Derek Eller Gallery, New York
Among the many works they’ve brought to Frieze this year, Derek Eller Gallery is showing a diptych from Alyson Shotz’s “Time Lapse” series. (However, the artist has allowed the gallery to break up the diptych if they so choose). In this series, Shotz manipulates objects in 3D-modeling software, such that they’re rendered entirely in polygonal outlines. When she obtains a pattern that appeals to her, she recreates the composition by looping string through pins in elaborate, algorithmic contour drawings that give the illusion of a three-dimensional object suspend in space.
Homeless Sign for Trump Tower 1989, 1989–2013
Esther Schipper, Berlin
General Idea was an art collective composed of three Canadian artists, two of whom—Felix Partz and Jorge Zontal—died of AIDS in the 1990s. The collective was involved in the 1989 ACT UP protests against then-real-estate-developer Donald Trump, whose status as a wealthy housing developer, the group argued, was contingent upon the existence of homelessness and money disparity. In particular, ACT UP protested the lack of housing for New Yorkers infected with HIV/AIDS, and the $6 million tax abatements that Trump had secured to construct luxury housing in the face of this crisis. General Idea's Homeless Sign for Trump Tower 1989 consists of a bronze cast of a letter that the group found outside of their apartment, which they presumed was written by a homeless person. The cast is mounted on pink marble—exactly the kind used to adorn the lobby of the Trump Tower.
Inside Police Cells, Beaufort West Police Station (0269), 2006
Goodman Gallery, Johannesburg, Capetown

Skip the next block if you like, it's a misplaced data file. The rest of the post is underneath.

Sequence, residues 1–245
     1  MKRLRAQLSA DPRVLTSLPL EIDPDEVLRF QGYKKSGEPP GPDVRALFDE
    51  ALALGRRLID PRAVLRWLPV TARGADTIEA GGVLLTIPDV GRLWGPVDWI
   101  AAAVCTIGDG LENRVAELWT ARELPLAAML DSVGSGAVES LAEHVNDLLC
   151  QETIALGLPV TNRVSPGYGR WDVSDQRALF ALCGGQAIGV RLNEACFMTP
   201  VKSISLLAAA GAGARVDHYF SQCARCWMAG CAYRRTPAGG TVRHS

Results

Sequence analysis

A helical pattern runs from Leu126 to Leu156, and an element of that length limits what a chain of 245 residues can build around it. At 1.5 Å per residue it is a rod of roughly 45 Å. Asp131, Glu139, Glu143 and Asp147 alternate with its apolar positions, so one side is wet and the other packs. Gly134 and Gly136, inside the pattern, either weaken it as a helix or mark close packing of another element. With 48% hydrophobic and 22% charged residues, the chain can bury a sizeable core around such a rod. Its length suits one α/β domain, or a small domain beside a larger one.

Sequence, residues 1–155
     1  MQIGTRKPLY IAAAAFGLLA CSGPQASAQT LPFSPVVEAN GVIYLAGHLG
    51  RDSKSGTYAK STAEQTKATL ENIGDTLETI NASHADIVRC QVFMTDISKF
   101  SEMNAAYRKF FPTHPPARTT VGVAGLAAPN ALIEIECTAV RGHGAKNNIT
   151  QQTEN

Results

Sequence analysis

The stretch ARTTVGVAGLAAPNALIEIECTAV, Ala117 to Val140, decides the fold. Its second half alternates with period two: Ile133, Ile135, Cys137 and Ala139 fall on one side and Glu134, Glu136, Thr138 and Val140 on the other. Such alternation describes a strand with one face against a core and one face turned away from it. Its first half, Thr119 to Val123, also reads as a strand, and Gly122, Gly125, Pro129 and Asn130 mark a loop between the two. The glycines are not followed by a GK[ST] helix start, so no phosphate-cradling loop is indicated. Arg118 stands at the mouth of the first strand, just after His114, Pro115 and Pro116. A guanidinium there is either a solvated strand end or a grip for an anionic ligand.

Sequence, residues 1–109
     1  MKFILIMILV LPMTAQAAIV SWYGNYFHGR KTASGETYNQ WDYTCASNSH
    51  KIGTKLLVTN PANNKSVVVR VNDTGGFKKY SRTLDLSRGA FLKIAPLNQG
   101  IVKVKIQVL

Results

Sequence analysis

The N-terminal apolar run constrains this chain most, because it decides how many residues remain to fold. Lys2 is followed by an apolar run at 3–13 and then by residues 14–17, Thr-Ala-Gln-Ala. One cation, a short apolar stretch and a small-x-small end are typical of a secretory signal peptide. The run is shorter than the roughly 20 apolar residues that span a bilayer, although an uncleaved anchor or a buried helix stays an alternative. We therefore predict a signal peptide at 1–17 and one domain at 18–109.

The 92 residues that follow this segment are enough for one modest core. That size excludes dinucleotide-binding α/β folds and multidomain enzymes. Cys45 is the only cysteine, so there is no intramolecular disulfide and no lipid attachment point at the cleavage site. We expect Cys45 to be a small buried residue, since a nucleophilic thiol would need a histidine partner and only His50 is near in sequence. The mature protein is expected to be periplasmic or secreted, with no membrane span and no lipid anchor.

$12,000 for the photo in smashed frame; $8,000 for editioned photograph, unframed
South African artist Mikhael Subotzky is a documentary photographer, and sometimes, the subjects he focuses on are hard to look at. Whether the subjects are prostitution, a violent beating, the artist's own father, or in the photo above, a South African prison—Subotzky enacts his frustration on the work itself, smashing the glass frame. The result is an overlaid pattern that obscures part of the image, blurring areas that encourage the viewer to come close to the image and engage with it more intimately.
Reject Chair Set (1), 2016
If you visited Frieze last year, you might still have a taste in your mouth from Société’s booth, which offered fair-goers white bottles of Soylent from stocked commercial-grade fridges. The solo presentation by Sean Raspet was somewhat typical for the Berlin gallery—a gallery that tends to exhibit solo artists at fairs and experiment with somewhat-risky installations. But this year, director Daniel Wichelhaus says he wanted to try a group show, and in it, you’ll find the work of Bunny Rogers—a surprising combination of "cute" and "haunting." Reject Chair Set (1) is a reproduction of two chairs that came from the cafeteria at Columbine, the Colorado high school where a 1999 school shooting took the lives of 13 people. Roger’s chairs are burnt and melted, and the resulting sculpture is cartoonish and a little sad looking—two qualities that characterize Roger’s “post-internet” work to a T. Keep an eye on this young artist; she’s been steadily gaining momentum over the years and will have a solo exhibition at the Whitney this summer.